In exile, Marius and Cinna raise their own armies and lead them against Rome. All-out civil war ensues. Both sides offer citizenship to any non-citizen Italians who will support them. The Italians respond with a will. Marius trades on his popularity, but by now he has completely lost his mind and is surrounded by equally deranged ex-slaves who engage in wanton slaughter. Cinna, commanding a separate army from Marius, refuses to accept the warning from one of Marius' oldest friends (who is also a cousin) and from his own son that Marius is unstable and should not be trusted. (Does that seem likely? You would think that if a man's closest friends and his own son tell a distant acquaintance not to trust him, the distant acquaintance would take the warning seriously). Marius and his bodyguard seize Rome and launch a campaign of wanton slaughter until Marius has a stroke and dies. McCullough takes care to acquit Cinna of any complicity in the slaughter and portray him as a decent guy. Plutarch's description suggests that there may be some truth to the belief that Marius was deranged, at least during his final illness. But he does not dismiss the mad slaughter as simply the work of one deranged man; he full implicates Cinna and Marius' son in it as well. McCullough believes that the reign of terror ended when Marius died and his bodyguard was killed off. Plutarch says that it continued.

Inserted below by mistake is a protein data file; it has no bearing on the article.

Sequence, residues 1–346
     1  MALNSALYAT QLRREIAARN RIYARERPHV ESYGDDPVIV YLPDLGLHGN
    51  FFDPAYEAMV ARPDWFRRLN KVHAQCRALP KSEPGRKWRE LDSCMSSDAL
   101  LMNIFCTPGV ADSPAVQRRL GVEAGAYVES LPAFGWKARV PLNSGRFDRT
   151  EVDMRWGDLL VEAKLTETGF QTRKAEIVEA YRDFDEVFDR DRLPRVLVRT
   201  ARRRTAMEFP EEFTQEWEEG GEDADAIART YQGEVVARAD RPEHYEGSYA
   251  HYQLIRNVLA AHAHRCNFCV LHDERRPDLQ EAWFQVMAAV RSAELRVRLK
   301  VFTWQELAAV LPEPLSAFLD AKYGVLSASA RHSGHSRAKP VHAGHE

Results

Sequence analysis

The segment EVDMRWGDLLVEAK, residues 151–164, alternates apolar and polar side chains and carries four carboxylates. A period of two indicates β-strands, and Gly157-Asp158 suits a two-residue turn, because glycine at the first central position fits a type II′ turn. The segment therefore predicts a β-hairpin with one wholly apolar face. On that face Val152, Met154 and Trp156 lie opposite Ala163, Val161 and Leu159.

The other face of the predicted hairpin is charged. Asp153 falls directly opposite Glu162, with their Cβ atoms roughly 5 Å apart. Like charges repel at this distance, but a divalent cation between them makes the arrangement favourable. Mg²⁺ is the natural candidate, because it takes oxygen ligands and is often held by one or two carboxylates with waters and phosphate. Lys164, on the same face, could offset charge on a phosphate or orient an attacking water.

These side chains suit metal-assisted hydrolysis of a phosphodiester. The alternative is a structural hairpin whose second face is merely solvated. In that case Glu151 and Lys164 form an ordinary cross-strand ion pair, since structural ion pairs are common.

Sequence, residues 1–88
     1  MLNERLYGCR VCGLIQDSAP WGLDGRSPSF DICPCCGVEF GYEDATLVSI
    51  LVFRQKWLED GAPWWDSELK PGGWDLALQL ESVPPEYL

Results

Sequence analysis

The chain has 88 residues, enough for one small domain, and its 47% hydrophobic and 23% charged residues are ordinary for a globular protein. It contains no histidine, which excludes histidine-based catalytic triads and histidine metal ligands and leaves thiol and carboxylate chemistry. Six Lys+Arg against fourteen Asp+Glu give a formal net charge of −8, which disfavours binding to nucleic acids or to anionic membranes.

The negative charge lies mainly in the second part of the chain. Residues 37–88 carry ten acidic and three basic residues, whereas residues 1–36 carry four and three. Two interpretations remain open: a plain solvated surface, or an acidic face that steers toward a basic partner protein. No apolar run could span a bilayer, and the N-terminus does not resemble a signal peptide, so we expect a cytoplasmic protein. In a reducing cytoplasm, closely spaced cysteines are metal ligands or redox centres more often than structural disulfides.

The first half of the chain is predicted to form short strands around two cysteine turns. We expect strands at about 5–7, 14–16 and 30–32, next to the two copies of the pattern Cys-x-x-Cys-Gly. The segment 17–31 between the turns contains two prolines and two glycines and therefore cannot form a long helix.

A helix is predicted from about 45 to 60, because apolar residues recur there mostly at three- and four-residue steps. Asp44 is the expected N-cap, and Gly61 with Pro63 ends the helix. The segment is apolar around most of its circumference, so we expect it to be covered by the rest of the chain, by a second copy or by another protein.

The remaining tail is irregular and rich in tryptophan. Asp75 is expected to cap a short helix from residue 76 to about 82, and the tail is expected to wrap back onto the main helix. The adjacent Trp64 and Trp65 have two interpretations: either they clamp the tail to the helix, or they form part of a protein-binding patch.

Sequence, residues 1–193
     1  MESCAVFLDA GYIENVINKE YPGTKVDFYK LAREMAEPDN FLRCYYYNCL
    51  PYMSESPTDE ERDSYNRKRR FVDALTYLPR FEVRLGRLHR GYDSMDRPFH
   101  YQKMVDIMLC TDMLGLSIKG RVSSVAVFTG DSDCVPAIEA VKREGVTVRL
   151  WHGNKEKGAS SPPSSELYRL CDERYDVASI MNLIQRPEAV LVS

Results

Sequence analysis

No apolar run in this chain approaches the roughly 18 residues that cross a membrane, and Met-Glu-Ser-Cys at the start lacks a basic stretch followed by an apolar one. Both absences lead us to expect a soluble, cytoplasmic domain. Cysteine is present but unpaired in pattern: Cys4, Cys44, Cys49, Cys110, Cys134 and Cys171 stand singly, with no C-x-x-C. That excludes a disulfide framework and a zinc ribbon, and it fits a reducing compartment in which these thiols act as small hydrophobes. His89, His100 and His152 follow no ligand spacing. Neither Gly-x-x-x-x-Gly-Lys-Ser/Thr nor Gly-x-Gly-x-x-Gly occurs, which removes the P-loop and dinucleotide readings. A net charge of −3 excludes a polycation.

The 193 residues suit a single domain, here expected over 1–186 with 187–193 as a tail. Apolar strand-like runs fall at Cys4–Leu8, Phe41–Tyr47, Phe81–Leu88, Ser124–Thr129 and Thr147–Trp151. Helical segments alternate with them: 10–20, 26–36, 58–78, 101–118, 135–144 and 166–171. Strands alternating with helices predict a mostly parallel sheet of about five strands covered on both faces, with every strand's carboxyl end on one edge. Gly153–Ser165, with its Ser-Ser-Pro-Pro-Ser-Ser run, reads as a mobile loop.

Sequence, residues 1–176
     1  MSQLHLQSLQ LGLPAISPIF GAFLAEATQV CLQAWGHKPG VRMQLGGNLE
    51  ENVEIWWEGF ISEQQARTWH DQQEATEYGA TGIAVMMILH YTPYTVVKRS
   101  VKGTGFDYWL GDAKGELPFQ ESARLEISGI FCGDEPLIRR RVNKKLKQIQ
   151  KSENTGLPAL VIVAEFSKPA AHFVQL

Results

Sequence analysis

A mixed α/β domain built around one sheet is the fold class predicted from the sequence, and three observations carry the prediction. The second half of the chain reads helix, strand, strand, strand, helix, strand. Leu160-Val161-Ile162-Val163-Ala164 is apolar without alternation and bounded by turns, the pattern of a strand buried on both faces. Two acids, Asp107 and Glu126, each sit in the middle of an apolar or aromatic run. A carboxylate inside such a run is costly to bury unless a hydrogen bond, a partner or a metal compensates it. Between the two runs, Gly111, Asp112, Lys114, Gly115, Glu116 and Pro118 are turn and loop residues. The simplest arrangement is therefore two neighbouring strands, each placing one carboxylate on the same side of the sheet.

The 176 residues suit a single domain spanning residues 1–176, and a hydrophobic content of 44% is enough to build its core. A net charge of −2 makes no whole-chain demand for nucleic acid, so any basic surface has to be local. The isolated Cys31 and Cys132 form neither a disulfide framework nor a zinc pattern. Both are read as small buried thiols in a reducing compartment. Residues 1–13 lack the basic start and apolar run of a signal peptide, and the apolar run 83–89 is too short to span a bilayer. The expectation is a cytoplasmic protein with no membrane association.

Clearly in the final chapters, things go from bad to worse quite quickly, as appears to be the case in real life. Just before his fatal stroke, Marius names the young Caesar flamens dialis, or high priest of Jupiter, nominally a great honor, practically, the end of any political or military career for him.
Unlike First Man in Rome, which ends with a sense of completion and seeming peace, The Grass Crown ends with things very much in the air. The Mithriditic War is still raging, and Sulla will not calmly accept what his enemies have done. We are left hanging.